Bernard Tschumi’s winning entry in the international design competition for the redevelopment of the Parc de la Villette in 1983 sent shock waves across the modern architecture landscape in the late 20th century. Carried out to revitalize the 19 arrondissement of Paris, the project was completed in 1987. It is interesting to note that while Tschumi was reifying his design concept and preparing to submit his proposal, he sought out the opinions of the deconstructivist philosopher Jacques Derrida. The tendency, at the time classified as “deconstructivism,” was to deviate from the standardized “relationship” and emancipate the elements forming urban architecture and city planning in order to find new relations.
In his book Architecture & Disjunction, Tschumi recognized that space and programs are mutually exclusive and independent and that the causality between the two is a mere ideological consequence. The real relationship of these elements, he pointed out, is random and fluid. Although the follies taking the form of points in the Parc de la Villette were taken from the Russian constructivists, it is the signifiant and not the signifié within the domain of semiotics. Tschumi aptly utilized the dualistic meaning of the homophone “folly,” meaning whimsical structure, and “folie,” meaning madness, to go beyond the historical context of urban cities. In this sense, the modern definition of folly is an unstructured mechanism that transcends the structured urban space in which it is situated. Accordingly, Gwangju perceives follies as a new and creative spatial alternative that is able to overcome the contextual limitations of existing urban cities and facilitate greater communication with the public.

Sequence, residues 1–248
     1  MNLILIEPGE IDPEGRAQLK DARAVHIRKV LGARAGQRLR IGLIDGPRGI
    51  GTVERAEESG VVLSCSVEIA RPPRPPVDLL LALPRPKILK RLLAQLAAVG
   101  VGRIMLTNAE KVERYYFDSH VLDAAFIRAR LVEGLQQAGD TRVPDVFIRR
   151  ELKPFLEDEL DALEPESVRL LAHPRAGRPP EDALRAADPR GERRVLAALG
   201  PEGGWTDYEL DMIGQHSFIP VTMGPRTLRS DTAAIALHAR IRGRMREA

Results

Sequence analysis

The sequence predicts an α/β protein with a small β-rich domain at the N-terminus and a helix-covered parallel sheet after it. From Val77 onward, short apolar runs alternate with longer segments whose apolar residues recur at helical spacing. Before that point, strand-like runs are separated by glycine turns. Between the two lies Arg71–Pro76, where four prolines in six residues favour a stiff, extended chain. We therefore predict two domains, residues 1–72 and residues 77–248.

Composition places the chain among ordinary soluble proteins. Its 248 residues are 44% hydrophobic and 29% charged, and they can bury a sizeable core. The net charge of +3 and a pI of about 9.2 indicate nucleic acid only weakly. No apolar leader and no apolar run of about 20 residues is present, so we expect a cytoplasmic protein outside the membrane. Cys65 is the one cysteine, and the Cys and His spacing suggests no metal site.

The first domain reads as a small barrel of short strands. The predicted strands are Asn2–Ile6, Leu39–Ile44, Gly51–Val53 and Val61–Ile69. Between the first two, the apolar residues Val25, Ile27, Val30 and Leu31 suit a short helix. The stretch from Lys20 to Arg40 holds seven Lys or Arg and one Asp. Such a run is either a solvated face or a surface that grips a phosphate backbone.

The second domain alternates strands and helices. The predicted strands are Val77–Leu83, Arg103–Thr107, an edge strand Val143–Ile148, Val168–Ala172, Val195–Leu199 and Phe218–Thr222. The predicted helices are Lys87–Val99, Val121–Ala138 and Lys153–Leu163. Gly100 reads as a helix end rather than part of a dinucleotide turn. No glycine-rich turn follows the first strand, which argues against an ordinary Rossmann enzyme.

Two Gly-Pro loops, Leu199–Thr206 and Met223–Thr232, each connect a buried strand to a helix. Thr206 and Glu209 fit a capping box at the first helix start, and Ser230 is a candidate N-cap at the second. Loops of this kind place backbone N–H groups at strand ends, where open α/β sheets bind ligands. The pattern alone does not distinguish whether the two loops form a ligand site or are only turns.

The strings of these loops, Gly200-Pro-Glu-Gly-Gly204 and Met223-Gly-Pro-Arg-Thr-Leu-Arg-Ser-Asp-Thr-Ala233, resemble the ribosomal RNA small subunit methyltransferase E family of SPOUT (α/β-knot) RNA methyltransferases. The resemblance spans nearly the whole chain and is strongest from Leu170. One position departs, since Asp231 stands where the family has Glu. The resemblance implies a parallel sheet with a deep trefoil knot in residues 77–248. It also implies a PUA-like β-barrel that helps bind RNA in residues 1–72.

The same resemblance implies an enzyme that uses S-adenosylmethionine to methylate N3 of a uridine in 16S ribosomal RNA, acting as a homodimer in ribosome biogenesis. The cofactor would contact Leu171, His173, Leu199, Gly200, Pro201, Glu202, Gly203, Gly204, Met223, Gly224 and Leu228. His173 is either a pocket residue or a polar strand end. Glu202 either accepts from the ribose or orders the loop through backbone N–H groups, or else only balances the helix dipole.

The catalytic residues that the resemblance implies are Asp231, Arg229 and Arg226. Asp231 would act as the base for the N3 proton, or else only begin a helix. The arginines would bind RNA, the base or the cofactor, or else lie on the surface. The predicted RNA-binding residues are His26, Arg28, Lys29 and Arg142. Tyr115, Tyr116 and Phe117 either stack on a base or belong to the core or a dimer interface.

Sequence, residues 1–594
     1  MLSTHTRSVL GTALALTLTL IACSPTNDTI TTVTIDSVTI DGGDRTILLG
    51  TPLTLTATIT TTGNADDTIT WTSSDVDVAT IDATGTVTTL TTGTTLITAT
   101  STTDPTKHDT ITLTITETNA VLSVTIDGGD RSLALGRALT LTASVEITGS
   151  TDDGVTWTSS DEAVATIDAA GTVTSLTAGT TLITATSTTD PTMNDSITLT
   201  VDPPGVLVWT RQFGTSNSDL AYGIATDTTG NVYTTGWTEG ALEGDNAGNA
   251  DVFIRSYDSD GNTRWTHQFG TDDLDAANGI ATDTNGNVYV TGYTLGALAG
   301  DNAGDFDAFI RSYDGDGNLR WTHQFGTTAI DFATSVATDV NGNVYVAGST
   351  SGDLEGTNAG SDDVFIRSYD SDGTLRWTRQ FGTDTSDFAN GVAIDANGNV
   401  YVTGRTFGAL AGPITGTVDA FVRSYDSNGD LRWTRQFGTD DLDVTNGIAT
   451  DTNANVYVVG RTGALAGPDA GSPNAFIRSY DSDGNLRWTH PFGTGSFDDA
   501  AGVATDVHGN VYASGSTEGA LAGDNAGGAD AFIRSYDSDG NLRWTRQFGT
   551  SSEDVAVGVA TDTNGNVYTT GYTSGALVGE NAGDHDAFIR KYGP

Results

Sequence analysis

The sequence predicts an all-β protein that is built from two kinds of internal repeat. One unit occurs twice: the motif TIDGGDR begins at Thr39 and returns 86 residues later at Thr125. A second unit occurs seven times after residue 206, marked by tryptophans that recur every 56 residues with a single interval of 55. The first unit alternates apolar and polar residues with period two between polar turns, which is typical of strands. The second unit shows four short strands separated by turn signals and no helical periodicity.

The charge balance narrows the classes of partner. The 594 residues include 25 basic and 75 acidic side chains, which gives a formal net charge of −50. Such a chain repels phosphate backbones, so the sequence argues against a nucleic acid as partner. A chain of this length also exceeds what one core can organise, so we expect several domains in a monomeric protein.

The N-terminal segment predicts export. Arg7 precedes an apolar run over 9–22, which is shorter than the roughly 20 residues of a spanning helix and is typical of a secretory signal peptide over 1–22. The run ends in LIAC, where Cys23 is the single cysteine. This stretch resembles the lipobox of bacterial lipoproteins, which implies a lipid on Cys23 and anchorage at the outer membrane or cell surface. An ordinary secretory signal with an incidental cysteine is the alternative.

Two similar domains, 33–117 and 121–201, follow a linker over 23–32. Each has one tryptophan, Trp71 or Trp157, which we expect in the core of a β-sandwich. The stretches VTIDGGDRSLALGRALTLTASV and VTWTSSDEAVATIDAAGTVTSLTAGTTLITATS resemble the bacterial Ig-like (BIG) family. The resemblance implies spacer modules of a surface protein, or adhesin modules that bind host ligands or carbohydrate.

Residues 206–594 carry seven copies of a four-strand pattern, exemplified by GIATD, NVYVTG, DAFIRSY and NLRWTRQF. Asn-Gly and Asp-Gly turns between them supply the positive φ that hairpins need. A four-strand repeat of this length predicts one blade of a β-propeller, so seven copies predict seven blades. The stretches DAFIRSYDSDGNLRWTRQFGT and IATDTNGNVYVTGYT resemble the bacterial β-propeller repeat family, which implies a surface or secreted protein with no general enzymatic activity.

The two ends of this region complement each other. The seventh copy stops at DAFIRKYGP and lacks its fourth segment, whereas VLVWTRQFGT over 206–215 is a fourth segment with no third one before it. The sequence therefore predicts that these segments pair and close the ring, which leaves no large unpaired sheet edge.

The core concept of Gwangju Folly III is “The Critique of Everyday Life,” which seeks to pursue a new type of popularity, overcome the contextual limitations of cities and facilitate the specifically designated objectives of Gwangju Folly I & II. As already stated in Henri Lefebvre’s theory of The Production of Space, everyday life is an intersection of illusion and truth. In light of this, the curatorial team of the Gwangju Folly III focused on the social process and the urban experience in terms of the production of space and has employed universal themes from daily elements in urban life experiences encountered during travel: Taste and Beauty. Gwangju Folly III consists of 5 follies : View Folly, Gwangju Dutch Folly, Cook Folly, and Fun Pun Folly and Mini Folly. It is hoped that each one of them will become successful urban devices for the revitalization and future of Gwangju as well as popular photo zones favoured by citizens.
Gwangju Folly Ⅲ attempts to explore the dailiness of urban life in terms of Taste and Beauty based on the principles of popularity, participation and unexpectedness. The project consists of four follies with additional mini follies. This year, the follies do not exist independently as they did in previous years. Instead, they are figuratively connected allowing different combinations and aspects of the follies to be integrated. The Gwangju Folly Ⅲ Project, thus, attempts to create an unconventional and participatory project where dailiness meets non-dailiness.